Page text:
I never know when or why grief raises its grizzled head, but apparently today is one of those days. It could be I am so relentlessly living in the present that the effort wears me out or maybe my sad truth simply wears through.
I don’t want to spend the rest of my life draping my psyche in moldy widow’s weeds, so I try to stay focused on what I have — friends, adventure, dance, writing — and not what I don’t have, but oh, that “don’t have” is so very hard to handle even all these years later.
In less than nine months, I’ll be marking the sixth anniversary of my life mate/soul mate’s death. Can seven, ten, fifteen years be far behind?
It seems odd that though I seldom think of Jeff, can barely conjure up an image of him in my mind, can’t even remember the sound of his voice, his goneness rules my life. If he were still alive, would I be walking along deserted beaches, hiking in old growth forests, putting myself in dicey situations in the name of adventure? Of course not. I’d be home with him.
And that lack of “home,” I’m sure, continues to be the crux of my grief. He was home to me. Without him, there is no home, though I am learning to be at home wherever I am. Still, there are times when I desperately want to go home, and that’s when it hits me . . . again. He is gone and there is nothing I can do about it.
Even though I know the truth — if he hadn’t died, my life, and his, would have become truly horrific — it doesn’t help with my missing him, with my desire to go home to him.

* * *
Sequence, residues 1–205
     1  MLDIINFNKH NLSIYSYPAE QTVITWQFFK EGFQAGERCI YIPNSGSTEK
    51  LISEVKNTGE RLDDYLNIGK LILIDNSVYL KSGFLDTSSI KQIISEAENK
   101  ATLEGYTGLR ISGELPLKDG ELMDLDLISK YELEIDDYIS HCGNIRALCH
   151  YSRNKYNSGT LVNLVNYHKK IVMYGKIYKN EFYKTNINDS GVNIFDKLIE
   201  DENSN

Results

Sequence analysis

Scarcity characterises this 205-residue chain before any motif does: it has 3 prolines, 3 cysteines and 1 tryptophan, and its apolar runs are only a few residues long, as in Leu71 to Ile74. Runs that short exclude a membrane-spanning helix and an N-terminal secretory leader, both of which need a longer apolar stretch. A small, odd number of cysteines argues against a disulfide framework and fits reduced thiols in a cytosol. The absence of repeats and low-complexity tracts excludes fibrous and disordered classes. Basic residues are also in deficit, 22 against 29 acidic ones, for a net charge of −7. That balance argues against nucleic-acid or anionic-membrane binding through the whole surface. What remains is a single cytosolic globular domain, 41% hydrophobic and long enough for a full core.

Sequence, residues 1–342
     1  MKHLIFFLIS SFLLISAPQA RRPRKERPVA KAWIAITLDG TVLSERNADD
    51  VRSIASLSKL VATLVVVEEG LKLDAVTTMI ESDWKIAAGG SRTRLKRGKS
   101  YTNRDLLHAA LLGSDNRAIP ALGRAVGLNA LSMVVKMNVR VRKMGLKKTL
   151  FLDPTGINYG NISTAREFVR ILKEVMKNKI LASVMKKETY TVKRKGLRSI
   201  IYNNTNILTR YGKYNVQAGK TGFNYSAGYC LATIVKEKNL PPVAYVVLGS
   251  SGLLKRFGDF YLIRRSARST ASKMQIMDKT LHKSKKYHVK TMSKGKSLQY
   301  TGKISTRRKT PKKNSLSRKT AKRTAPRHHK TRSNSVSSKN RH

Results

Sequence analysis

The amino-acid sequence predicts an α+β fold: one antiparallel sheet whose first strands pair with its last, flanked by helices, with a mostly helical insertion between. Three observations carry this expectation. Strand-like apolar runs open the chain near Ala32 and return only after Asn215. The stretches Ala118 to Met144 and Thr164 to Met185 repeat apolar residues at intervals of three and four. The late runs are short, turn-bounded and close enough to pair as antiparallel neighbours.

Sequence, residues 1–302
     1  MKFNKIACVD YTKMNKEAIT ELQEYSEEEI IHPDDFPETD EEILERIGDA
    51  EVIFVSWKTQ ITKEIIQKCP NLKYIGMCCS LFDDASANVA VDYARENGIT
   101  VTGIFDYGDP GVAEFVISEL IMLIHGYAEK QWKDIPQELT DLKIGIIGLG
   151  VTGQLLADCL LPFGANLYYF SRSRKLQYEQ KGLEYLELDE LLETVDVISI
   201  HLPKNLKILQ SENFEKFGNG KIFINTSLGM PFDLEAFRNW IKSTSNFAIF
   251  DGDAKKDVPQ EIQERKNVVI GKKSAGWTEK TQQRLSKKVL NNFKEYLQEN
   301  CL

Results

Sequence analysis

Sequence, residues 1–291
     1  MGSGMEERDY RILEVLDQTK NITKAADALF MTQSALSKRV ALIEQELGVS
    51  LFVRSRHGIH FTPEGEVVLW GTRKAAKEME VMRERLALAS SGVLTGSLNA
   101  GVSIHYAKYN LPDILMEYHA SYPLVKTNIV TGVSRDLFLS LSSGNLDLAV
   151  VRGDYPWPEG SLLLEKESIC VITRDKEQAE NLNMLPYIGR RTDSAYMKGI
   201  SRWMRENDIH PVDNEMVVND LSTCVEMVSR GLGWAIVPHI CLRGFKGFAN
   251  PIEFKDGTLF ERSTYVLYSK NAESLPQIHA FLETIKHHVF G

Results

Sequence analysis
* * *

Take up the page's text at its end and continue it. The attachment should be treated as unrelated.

To a certain extent, being without a car is exacerbating my feeling of homesickness and homelessness. I have a hunch this prolonged situation is as frustrating for the auto body guy as it is for me since there is way more work than he ever imagined — though I never did ask for or expect the full restoration he is doing. He also has me bugging him to get the car finished, which I don’t think he likes, but he is not the one without a car, without a mate, without a home. (I do have places to stay, for which I am eternally grateful, but the places are other people’s homes, not mine.)
The past few days I’ve mostly been walking around town or taking it easy hiking on the Pacific Coast Bike Route to give myself a chance to heal from the dog bite, sprained calf muscle, and myriad mosquito bites, but tomorrow I’ll attempt something more challenging to get back into the moment.
Jeff might be gone, but I am still here, and I have to do something.
(Pat Bertram is the author of the suspense novels Light Bringer, More Deaths Than One, A Spark of Heavenly Fire, and Daughter Am I. Bertram is also the author of Grief: The Great Yearning, “an exquisite book, wrenching to read, and at the same time full of profound truths.”)